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August 03, 2020

Youth with diabetes more likely to stick to CGM if they're involved in the decision, CHOP study finds

Children's Health Diabetes
Youth CGM devices Kate/

Continuous glucose monitoring devices can help youth with type 1 or type 2 diabetes better control their blood sugar levels.

Youth who participate in the decision to start continuous glucose monitoring are more likely to still be consistently using it two months later, according to a new study led by the Children's Hospital of Philadelphia. 

Continuous glucose monitoring devices allow people with type 1 or type 2 diabetes to monitor their glucose levels throughout the day. The device alerts users when their levels are too high or too low.

The device needs to be used regularly to maintain optimum blood sugar control, but previous studies have found that children are less likely to use them consistently. 

However, CHOP researchers found that youth who are involved in the decision to use CGM are more likely to be using a CGM device in a consistent manner two months later. 

"To maximize the clinical benefits of CGM, our results suggest that providers should involve youth in the decision-making process from the beginning, eliciting their opinions, concerns and questions about the device and providing information about the device directly to them," said Victoria A. Miller, a psychologist in CHOP's Craig-Dalsimer Division of Adolescent Medicine.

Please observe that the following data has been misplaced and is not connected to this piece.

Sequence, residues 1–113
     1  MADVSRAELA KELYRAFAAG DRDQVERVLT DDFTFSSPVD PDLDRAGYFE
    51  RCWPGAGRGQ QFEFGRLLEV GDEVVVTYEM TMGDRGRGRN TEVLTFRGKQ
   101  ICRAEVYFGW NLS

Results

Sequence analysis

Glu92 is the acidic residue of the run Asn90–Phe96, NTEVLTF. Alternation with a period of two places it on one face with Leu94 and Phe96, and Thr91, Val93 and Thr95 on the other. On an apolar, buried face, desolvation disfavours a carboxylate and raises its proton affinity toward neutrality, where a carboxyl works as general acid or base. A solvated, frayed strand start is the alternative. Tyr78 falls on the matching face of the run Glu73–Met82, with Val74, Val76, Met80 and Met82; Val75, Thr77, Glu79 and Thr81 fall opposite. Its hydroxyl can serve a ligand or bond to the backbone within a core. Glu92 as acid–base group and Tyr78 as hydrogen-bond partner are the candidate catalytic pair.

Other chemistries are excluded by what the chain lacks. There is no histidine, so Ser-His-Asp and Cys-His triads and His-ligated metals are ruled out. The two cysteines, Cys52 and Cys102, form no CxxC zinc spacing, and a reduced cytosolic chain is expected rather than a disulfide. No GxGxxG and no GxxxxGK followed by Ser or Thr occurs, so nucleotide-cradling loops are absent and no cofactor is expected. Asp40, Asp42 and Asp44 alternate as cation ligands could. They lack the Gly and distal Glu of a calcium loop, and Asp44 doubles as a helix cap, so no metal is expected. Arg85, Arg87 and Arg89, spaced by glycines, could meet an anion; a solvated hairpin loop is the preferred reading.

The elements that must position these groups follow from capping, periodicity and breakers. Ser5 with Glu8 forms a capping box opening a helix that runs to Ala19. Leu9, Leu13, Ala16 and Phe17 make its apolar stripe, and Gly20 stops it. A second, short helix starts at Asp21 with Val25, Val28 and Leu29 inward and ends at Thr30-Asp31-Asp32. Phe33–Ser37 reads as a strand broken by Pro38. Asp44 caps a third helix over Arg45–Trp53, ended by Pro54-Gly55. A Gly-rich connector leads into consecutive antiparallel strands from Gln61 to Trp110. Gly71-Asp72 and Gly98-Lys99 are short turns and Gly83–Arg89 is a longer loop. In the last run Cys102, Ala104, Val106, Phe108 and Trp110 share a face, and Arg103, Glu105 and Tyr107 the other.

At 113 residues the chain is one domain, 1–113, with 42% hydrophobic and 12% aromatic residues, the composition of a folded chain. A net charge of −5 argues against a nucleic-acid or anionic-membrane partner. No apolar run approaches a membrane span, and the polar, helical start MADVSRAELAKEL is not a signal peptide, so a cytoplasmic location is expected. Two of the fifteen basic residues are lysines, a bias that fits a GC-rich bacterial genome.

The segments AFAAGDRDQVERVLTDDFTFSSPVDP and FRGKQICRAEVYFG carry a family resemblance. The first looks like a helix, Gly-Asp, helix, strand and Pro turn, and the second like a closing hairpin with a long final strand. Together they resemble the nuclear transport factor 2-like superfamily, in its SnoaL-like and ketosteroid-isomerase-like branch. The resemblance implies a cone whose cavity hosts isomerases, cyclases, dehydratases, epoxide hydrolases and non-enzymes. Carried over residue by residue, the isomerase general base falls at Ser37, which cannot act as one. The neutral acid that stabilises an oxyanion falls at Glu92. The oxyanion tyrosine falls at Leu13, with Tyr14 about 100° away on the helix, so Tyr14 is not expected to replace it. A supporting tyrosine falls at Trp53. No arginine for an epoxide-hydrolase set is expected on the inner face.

"Parents also have a role to play, and providers can encourage parents to engage their children in conversations about the decision to start CGM without dominating the discussion, which may increase the likelihood that they are in agreement about waiting or processing," she added.

Miller and her team analyzed data on 108 parent-child pairs. The average age of the youth was 13. 

When parents reported that their children actively participated in the discussion about CGM, the children generally used the technology consistently for up to 12 weeks. Children who didn't speak up during the discussion were less likely to use the device in any consistent manner.

The researchers also found that the youth who participated more in the discussion reported feeling more confident about their ability to use CGM and were less likely to see it as an inconvenience at their two-month follow-up.

The researchers acknowledged several limitations to the study. Only one CGM brand was used and most participants were white. More mothers than fathers were included in the study. Also, the parent-child pairs' willingness to participate in the study might have made them more open to the discussion about CGM than others might be.

All of this makes it difficult to generalize their findings, Miller said. 

"Additional research is needed to develop strategies that enhance children's involvement in the decision about CGM, prevent declines in CGM use over time, and maximize the clinical benefits that can be obtained by appropriate use of CGM and other emerging technologies for diabetes management," Miller said.

"Such research should also target more diverse samples to examine the extent to which sociodemographic factors, such as race, ethnicity and socioeconomic status, impact CGM uptake and use."

The study's findings were published in the journal Diabetes Care.

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